Sunday, July 23, 2006

Quartet begin their appeals

The four clubs hit by sanctions in the Italian match-fixing scandal began their appeals to overturn their punishments at the federal court in Rome on Saturday. Juventus, Fiorentina, Lazio and AC Milan were all found to have committed irregularities in relation to the assignment of referees and linesman during the 2004-05 campaign by a sports tribunal last week.

Juve were the most heavily hit as they were stripped of their last two titles, demoted to Serie B and handed a massive 30-point penalty. The solicitor defending the Turin-based club is hoping their appeal will force a change in the original punishment, giving Didier Deschamps' side a better chance of returning to the top flight after just one season. "There are lots of ways the penalty can be reduced," explained Cesare Zaccone, who believes overturning the decision to send them into Serie B may be a little too much to expect. We'll have to see, but let's not get carried away," he added.

The other three clubs are all aiming to be cleared of all charges by starting the next campaign in the top flight with no penalties. At present, Fiorentina and Lazio have been assigned to the Second Division with a deduction of 12 and seven points respectively. Milan kept their place in the top tier, but were kicked out of the Champions League by deducting 44 points of last seasons tally and given a 15-point setback for the new 2006-07 campaign.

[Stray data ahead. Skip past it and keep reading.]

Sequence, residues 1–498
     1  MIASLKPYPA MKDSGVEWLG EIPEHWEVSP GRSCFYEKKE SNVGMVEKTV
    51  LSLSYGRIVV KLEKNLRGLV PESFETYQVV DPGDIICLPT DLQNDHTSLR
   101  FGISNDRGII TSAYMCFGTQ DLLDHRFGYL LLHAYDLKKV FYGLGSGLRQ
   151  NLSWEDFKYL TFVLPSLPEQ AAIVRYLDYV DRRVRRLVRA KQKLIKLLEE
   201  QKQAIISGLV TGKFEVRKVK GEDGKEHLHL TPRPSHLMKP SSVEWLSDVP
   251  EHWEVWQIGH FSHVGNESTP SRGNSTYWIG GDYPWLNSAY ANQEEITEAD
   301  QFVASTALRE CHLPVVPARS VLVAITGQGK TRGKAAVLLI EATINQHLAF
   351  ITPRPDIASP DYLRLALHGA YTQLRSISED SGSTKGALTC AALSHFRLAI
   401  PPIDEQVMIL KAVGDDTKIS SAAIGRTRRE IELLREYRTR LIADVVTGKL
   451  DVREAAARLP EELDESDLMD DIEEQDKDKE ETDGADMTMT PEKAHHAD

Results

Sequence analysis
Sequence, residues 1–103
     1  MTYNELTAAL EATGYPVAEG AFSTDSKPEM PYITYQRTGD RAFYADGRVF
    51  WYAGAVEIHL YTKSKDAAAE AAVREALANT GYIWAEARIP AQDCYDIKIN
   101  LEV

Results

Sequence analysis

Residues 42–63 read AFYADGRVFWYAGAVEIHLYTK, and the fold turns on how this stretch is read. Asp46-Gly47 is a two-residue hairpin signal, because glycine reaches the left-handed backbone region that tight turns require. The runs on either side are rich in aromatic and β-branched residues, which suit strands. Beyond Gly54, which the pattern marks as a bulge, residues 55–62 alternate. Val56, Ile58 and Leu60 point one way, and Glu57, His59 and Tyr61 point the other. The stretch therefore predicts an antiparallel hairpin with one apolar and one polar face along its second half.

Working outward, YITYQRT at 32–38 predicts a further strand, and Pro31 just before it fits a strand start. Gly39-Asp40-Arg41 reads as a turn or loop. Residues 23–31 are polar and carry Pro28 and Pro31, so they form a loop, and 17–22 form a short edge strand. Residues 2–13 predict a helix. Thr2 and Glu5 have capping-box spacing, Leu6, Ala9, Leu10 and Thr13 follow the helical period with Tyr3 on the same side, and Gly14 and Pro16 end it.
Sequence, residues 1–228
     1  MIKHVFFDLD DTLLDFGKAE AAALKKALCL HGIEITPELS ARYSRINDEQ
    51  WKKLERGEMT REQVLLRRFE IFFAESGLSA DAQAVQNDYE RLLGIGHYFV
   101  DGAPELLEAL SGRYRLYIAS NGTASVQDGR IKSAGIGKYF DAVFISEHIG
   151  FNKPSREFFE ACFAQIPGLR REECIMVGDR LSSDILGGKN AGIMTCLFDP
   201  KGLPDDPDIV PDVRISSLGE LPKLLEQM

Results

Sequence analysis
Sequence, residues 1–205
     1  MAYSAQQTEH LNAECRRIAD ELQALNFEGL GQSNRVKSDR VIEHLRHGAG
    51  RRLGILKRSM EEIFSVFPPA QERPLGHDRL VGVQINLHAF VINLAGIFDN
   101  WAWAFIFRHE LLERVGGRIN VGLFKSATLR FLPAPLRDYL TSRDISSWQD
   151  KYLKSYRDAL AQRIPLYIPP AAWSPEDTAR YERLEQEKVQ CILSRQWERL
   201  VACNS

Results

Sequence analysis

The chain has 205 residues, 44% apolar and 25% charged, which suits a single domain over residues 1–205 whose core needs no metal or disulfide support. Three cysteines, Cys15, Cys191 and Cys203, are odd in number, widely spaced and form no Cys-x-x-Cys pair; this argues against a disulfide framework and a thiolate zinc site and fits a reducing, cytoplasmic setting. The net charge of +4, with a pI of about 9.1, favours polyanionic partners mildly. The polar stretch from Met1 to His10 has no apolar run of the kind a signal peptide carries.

Juventus have been at the centre of the scandal since it began in early May with the publication of intercepted telephone conversations between their then general manager Luciano Moggi and senior Italian Football Federation (FIGC) officials, discussing refereeing appointments during the 2004/05 season. The club has consistently argued that Moggi was acting independently and without their knowledge.

Prosecutor Stefano Palazzi, was in no mood to compromise, telling the appeals court that the tribunal had not been tough enough on Juventus and repeating his original call for the club to be sent down to Italy's third division. Moggi's behaviour, he said, constituted a "series of violations of the principle of fair conduct, which amount to sporting fraud".

Saturday's appeals kicked off at 9am local time at the Parco dei Principi Hotel in Rome, the same venue where the first grade sentences were delivered. It’s unclear when Piero Sandulli, the President of the appeals court, will hand out his court’s verdict - but they are expected on Monday, the day before the deadline that UEFA have set for the FIGC to be handed the names of Italy’s European competitors next season. Should the appeals process remain unfinished on Tuesday, the FIGC commissioner Guido Rossi has said that Italy's list to UEFA would reflect the verdicts of the sports tribunal, meaning Juventus, Milan and Fiorentina would lose their places in the Champions League to make way for Roma, Chievo and Palermo.

Although the appeal sentence should in theory be the definite verdict, there is the possibility that clubs and individuals could go and seek justice in the civil courts if still not satisfied with the outcome.


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